I learned a lot about Bangladesh ? the local scene, art education, religion and why, for instance, art?works about love do matter. Some artists I met mentioned that their partner was either Hindu or?Muslim and that they could not tell their respective families. As the?week went on, I became increasingly enthusiastic about the obvious sense?of urgency with which all of the nominated artists work: Bangladesh is rapidly changing on all levels, and?these artists are all embracing the challenge to get involved, to have their voices heard and to find appropriate forms of?expression for that.
This seemed particularly true?for many of the photographers on the shortlist. As it turned out, they all came from a single school: Dhaka?s Pathshala South Asian Media Institute. Set up in 1998?by the Bangladeshi photographer, writer, curator and activist Shahidul Alam, this private school has been dedicated to documentary photography and reportage from the beginning. Located in the central Dhanmondi/Panthapath area of Dhaka, it is a small institute for about 90 students who follow the three-year professional programme, and for about 600 students enrolled in the short, one-semester course. Initially funded by international organisations, Pathshala now is entirely supported through tuition fees. (Though relatively modest at?US$460 per semester for the professional programme, inevitably, as in Europe or the US, students are?likely to come from more affluent backgrounds, while there are scholarships allowing five students?per year to study for free.) Continue reading “New Developments: How a photography course in Dhaka is challenging religious and artistic prejudices”
Open Call For Iranian and Bangladeshi Artists
Exchange Program (Iran ? Bangladesh)
1-31 July, 2016 ? Tehran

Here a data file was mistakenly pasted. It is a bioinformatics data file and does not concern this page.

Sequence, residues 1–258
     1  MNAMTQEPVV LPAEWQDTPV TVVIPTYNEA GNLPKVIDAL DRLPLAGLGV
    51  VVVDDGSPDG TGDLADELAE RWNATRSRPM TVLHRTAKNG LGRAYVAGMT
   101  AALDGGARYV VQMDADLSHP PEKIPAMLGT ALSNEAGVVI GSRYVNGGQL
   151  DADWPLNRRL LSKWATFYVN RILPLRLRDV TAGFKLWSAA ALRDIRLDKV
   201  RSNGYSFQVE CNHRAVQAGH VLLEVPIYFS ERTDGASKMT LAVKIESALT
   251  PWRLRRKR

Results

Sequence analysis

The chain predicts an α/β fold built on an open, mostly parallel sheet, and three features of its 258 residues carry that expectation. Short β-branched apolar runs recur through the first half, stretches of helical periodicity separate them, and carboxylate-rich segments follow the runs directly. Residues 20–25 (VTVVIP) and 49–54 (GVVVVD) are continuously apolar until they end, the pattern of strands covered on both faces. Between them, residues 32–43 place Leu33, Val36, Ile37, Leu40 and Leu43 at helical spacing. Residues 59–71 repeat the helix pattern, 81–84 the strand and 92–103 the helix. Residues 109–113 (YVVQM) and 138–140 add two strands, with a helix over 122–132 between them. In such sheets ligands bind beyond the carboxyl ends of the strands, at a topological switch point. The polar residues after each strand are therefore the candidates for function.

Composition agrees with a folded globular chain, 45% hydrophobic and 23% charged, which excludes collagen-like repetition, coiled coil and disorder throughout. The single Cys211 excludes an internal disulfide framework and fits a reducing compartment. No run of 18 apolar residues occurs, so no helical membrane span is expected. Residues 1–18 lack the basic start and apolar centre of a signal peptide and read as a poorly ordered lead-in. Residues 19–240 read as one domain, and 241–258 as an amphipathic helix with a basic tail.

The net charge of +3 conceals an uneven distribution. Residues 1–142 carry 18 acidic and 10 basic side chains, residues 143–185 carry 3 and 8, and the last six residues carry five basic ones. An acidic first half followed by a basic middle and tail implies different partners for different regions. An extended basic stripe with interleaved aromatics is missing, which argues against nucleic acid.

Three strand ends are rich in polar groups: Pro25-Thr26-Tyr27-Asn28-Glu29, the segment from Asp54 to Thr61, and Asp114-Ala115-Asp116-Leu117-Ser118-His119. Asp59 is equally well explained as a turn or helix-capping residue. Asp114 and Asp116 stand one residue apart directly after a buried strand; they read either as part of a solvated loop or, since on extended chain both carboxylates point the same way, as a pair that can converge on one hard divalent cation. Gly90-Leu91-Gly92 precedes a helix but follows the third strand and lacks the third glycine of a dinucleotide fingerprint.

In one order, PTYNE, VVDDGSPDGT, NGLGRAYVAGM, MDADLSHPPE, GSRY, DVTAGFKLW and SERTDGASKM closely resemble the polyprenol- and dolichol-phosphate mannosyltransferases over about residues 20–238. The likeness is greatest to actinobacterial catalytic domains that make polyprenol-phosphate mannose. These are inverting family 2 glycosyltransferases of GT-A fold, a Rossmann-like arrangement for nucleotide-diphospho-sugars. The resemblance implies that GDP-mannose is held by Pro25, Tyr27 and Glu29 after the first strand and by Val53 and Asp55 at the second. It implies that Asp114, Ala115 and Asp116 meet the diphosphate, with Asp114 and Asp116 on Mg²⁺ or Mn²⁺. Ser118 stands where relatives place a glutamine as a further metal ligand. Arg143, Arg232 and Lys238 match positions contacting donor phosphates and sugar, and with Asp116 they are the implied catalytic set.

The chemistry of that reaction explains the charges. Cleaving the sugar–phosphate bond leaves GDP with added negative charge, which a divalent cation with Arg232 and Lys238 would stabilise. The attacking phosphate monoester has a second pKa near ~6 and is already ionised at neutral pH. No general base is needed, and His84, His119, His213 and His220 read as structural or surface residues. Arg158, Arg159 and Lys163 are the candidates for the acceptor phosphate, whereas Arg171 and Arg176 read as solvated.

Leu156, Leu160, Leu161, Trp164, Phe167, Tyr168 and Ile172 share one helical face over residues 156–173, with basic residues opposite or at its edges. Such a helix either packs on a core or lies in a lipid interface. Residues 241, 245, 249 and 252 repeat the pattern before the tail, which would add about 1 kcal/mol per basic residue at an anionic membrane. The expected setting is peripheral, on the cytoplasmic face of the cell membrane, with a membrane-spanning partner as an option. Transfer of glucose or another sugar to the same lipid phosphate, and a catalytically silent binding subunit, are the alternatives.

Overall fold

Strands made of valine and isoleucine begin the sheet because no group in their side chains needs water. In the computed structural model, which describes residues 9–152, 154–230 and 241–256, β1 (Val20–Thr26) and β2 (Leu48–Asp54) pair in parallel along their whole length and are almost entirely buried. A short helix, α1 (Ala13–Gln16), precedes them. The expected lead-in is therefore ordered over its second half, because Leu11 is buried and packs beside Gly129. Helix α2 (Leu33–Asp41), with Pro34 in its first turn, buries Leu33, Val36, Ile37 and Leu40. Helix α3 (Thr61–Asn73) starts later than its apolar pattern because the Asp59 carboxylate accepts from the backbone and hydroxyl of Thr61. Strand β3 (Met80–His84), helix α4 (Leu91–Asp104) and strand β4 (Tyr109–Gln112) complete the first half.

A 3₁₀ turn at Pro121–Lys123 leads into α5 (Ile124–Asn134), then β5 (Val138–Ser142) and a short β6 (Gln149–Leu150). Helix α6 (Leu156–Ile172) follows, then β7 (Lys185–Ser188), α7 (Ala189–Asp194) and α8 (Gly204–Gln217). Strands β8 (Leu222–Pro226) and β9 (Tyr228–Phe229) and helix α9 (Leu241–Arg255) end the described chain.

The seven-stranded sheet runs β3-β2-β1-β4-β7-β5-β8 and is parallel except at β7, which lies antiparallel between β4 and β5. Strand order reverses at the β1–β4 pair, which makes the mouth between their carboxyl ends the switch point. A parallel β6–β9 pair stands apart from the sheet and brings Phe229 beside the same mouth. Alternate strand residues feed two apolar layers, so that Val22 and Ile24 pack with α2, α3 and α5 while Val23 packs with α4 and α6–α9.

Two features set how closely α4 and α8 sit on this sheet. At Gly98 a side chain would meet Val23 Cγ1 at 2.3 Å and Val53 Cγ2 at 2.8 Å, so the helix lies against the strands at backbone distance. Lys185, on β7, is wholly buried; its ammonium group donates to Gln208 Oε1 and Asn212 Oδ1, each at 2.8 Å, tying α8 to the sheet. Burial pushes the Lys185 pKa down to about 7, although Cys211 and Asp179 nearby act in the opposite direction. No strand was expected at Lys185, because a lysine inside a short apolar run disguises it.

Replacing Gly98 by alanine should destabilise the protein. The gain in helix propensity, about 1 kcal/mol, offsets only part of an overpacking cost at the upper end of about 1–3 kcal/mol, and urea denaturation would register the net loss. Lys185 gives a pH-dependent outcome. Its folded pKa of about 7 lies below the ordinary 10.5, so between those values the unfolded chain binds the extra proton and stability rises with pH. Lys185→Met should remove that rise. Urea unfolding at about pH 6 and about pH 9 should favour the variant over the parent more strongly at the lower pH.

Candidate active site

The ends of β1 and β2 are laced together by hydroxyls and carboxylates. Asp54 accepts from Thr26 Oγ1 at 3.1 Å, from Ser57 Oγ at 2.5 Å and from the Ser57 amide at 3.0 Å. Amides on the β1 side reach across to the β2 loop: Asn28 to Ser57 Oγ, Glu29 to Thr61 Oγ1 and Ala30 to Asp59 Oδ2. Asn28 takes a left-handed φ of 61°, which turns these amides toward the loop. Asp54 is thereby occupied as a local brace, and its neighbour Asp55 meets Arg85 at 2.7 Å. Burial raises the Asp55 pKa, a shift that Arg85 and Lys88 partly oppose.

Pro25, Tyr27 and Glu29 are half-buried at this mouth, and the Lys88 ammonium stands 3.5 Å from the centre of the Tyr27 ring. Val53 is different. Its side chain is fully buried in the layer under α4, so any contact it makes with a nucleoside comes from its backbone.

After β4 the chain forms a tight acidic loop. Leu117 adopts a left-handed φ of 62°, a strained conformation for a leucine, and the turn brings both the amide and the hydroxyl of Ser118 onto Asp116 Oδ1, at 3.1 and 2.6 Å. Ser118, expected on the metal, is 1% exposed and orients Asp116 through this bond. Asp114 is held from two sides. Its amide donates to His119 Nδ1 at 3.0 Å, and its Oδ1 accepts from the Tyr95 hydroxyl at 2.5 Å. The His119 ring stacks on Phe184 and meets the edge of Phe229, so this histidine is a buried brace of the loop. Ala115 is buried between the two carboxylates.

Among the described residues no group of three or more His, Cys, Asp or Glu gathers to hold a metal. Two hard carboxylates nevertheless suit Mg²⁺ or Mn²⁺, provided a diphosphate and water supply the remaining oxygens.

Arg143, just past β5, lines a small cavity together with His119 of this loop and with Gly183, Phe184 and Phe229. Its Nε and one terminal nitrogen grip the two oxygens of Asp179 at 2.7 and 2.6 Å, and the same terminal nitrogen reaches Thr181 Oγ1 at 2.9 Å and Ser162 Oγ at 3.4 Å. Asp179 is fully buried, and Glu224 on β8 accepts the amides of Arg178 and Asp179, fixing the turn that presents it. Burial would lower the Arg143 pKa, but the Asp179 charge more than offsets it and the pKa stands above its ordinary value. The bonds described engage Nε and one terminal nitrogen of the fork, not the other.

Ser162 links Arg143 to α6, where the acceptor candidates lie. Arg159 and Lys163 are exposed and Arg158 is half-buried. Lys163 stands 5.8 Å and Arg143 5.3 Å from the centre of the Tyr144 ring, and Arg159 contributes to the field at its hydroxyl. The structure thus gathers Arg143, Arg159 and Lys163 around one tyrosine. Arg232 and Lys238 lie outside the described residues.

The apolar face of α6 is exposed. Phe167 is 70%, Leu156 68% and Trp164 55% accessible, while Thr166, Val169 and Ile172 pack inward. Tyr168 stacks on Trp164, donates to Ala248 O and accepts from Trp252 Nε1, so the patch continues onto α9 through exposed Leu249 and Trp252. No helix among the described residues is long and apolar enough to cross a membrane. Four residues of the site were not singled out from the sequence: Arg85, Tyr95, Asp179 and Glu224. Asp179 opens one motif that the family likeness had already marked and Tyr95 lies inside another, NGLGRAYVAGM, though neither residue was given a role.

7 January ? 7 February?, 2017?? Dhaka
10 May, 2016
Pathshala?and Kooshk Residency present the first?round of?exchange program between Tehran and Dhaka?for two Bangladeshi?and two Iranian visual artists. This exchange program exists out of two parts. The first part is held from 1-31 July,?2016 in Tehran, Iran.
In?this residency, the Bangladeshi?artists have the opportunity to work in Tehran, Iran and collaborate with the Iranian artists. During this time, the space will be open to a local public of artists, students, and art critics. The program will end with a presentation and a panel discussion. Continue reading “Open Call For Iranian and Bangladeshi Artists”
Type of employment: Fixed-term employment, 2 years
Extent: 100 %
Location: Valand Academy, Gothenburg
First day of employment: 2016/9/1
Reference number: PER 2016/54
Valand Academy at the University of Gothenburg and the Hasselblad Foundation have a long-term partnership developing critical reflection on photography and its mediation. As part of this partnership, the Hasselblad Foundation is launching a research project on photography and human rights in Autumn 2016, and photo-based artists holding a PhD can apply to a two-year Post-Doctoral position at Valand Academy starting September 2016. The number of positions available is one.
Continue reading “Postdoctor in Photography, Photography and Human Rights”
Introduction to the Drik 2016 calendar.
A behind the scenes glimpse at a remarkable media phenomenon:
The dot matrix Olivetti printer was noisy. The XT computer came without a hard drive: two floppy disks uploaded the operating system. When the electricity went (as it often did), we had to reload it. Our bathroom doubled as our darkroom. A clunky metal cabinet housed our prints, slides, negatives and files. Md. Anisur Rahman and Abu Naser Siddique were our printers; I was photographer, manager, copy editor and part-time janitor. Cheryle Yin-Lo, an Australian who had read about us in a western magazine, joined as our librarian. We offered and she happily accepted a local salary.
Bentleys and Benefits is a unique exhibition at?Rich Mix?capturing the story and social diversity of the East End through the eyes of the young people who live here. The exhibition brings together the outcomes of ?Demystifying Photography?, a series of photography workshops, by?Drik Picture Library, Dhaka in collaboration with?Rich Mix?and?Morpeth School.